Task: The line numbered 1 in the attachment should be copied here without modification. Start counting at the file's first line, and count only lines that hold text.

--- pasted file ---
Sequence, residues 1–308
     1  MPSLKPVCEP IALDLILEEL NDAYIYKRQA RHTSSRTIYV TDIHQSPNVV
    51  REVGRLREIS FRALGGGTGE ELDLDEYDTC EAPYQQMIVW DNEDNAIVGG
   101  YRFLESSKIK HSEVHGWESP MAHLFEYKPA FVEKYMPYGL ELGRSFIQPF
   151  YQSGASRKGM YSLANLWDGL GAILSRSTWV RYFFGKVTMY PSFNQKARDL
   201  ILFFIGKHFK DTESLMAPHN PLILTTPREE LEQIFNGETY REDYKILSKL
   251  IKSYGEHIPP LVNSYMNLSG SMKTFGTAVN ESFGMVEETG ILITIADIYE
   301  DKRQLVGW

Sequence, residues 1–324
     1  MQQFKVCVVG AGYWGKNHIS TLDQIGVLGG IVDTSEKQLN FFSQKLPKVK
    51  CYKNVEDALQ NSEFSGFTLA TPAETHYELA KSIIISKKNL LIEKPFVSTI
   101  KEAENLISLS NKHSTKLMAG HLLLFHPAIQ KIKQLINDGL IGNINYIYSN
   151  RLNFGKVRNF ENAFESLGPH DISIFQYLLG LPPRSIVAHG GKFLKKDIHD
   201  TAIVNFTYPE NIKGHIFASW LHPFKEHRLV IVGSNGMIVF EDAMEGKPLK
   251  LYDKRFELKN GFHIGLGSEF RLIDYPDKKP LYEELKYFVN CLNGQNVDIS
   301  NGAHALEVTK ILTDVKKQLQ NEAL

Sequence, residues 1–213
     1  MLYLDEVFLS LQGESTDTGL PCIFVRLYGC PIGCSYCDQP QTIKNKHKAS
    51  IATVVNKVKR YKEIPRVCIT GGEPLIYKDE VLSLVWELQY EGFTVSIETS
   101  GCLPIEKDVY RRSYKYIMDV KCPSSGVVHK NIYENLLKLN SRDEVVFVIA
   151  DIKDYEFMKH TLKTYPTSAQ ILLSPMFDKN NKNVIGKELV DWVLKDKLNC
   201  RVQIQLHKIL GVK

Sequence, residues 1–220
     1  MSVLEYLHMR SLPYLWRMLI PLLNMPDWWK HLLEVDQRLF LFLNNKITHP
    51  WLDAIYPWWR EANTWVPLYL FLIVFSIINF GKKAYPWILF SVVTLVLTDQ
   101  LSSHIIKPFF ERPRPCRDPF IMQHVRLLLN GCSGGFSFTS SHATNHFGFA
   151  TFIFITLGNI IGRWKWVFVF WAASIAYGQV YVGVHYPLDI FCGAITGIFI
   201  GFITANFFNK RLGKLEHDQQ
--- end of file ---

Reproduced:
Sequence, residues 1–308